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What Should The Caribbean Do Now That Trump Is The US President?

What Should The Caribbean Do Now That Trump Is The US President?

There has been much speculation and posturing since Donald J. Trump ascended to the presidency of the Caribbean’s most powerful northerly regional neighbor the United States of America.

Many have asked what the Caribbean region, as a whole, should do in response to this. What is best for the tropics? Let’s examine a bit further…

A good starting point for the region could be identifying and managing risk and focusing on timeless issues such as education and cultural relations with the U.S.A. Another key step could be calling for the expansion of the “Caribbean Basic Economic Recovery Act”. The region should also consider asking the U.S.A to make special exceptions so that investors in the United States can compete in the Caribbean region with Canadian, Chinese and Middle Eastern investors. With respect to financial services, a big part of Cayman’s economy, the Caribbean will find the Trump Administration more friendly when it comes to anti-money laundering, tax issues and entity clearness. The Caribbean (especially the Cayman Islands), however, already frequently finds itself at the center of tax haven scrutiny from the U.S.A. Former presidential administrations have stated that they do not have the authority to control the tax situations of entities outside of the United States so it remains to be seen what Trump will do. Being thought of as generally friendly to big business/tax ambiguity is one thing but actions will certainly speak louder than words.

Anther thing that the Caribbean region can focus on now with the emergence of Trump is the formation of bilateral tourism agreements. The crux of these agreements being that the U.S.A would agree to collaborate with Caribbean nations in creating tourism joint ventures, destination promotion and marketing. The United States Department of Commerce established many such agreements in the 1980s but has recently discontinued these important efforts. Along these lines, the Caribbean should also ask the United States to increase the U.S. immigration pre-clearance presence through a regional hub and spoke system to provide enhanced security (a major talking point for the current administration). The development and implementation of a joint shared watch-list for travelers into and within the Caribbean would be a good start and the region also should offer to help with the current efforts of the U.S.A to ensure that third world countries adequately screen all travelers for terrorist connections. Since Mr. Trump’s immigration proposals include the suspension of the issuance of visas to any nation or state where sufficient screening cannot occur until proven effective – the region should assert its desire to work with the U.S.A in upgrading its screening/cooperation and begin the use of a biometric entry-exit visa tracking system.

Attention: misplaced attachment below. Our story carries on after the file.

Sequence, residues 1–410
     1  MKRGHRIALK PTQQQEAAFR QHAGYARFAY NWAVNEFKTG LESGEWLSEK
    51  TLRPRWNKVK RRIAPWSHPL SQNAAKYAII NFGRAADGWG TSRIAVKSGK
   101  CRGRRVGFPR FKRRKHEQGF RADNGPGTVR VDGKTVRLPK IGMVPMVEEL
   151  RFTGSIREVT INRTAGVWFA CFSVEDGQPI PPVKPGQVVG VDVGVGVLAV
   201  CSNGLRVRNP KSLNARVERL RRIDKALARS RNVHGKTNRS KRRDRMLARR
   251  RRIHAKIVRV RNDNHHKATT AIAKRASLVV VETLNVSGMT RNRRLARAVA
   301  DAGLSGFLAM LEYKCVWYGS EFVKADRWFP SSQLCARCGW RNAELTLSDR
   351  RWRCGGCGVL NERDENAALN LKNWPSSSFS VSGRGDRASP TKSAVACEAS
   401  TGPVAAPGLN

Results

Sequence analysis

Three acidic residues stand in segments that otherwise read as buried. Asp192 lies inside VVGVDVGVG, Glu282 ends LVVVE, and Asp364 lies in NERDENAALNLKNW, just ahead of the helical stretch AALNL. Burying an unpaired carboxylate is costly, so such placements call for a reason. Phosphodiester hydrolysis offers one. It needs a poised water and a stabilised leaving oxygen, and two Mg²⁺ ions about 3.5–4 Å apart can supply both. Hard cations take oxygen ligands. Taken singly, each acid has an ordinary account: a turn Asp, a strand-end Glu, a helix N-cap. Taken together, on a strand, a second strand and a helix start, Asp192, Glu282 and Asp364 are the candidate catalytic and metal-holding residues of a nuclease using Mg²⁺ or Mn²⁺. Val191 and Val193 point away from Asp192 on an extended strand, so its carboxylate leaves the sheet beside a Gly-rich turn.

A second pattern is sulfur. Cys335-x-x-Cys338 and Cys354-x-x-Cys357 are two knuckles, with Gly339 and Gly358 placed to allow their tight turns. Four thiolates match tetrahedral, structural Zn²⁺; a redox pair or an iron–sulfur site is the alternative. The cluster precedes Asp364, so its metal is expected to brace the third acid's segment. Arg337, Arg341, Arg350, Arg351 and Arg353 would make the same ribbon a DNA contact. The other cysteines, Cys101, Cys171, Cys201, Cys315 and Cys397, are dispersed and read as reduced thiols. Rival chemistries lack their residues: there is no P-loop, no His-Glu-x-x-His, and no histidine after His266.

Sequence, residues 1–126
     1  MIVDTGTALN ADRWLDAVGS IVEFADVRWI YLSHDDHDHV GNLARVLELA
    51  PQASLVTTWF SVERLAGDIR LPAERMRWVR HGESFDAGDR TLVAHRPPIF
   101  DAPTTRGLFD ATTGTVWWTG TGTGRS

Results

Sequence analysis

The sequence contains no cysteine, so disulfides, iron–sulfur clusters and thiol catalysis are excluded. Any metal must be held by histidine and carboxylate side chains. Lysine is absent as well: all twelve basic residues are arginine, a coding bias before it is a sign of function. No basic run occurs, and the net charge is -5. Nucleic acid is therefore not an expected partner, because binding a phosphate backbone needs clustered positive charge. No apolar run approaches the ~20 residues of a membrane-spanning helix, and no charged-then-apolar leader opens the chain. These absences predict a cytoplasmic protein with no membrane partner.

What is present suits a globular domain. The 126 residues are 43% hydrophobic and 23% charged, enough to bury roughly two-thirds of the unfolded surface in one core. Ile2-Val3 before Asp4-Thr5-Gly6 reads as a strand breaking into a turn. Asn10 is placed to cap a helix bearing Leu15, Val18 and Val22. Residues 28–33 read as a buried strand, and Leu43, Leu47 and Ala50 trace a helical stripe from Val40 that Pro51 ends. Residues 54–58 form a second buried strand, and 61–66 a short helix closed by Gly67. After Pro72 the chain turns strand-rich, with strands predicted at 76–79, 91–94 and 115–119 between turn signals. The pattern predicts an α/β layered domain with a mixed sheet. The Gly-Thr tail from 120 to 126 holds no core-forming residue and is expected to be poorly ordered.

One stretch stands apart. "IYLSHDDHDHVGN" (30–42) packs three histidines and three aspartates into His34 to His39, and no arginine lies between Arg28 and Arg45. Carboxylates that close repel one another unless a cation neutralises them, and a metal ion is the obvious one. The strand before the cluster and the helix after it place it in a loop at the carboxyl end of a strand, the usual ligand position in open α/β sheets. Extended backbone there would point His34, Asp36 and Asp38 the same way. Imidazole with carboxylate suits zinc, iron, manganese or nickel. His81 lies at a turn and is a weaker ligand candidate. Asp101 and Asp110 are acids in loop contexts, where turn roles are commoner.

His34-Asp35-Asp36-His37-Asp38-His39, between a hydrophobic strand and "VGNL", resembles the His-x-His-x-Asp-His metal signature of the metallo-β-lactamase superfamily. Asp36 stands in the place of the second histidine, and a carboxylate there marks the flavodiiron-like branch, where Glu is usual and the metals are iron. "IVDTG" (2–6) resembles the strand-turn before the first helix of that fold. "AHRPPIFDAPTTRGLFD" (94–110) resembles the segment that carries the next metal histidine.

A strong tourism dialogue with the U.S.A is just as important as security and policy issues. Many tourists from Southeast Asia, China and Europe have been shown through marketing research to prefer to combine trips to Florida and Eastern seaboard destinations with Caribbean locales. By having strong lasting tourism agreements with the U.S.A and by partnering with pertinent entities in the private sector, the Caribbean can develop and market joint tourism agreements mutually beneficial to all parties involved. Such collaboration will benefit the United States just as much as they would benefit the Caribbean.

Though quite a way’s away, the Caribbean as a region is inexorably linked to the United States. It is the single largest power in the hemisphere and, as such, commands a certain amount of attention. With the emergence of a new commander-in-chief in Mr. Trump, it behooves the Caribbean nations to take stock of the relationship it has with the United States and look for ways to strategically improve its position for the benefit of all parties.

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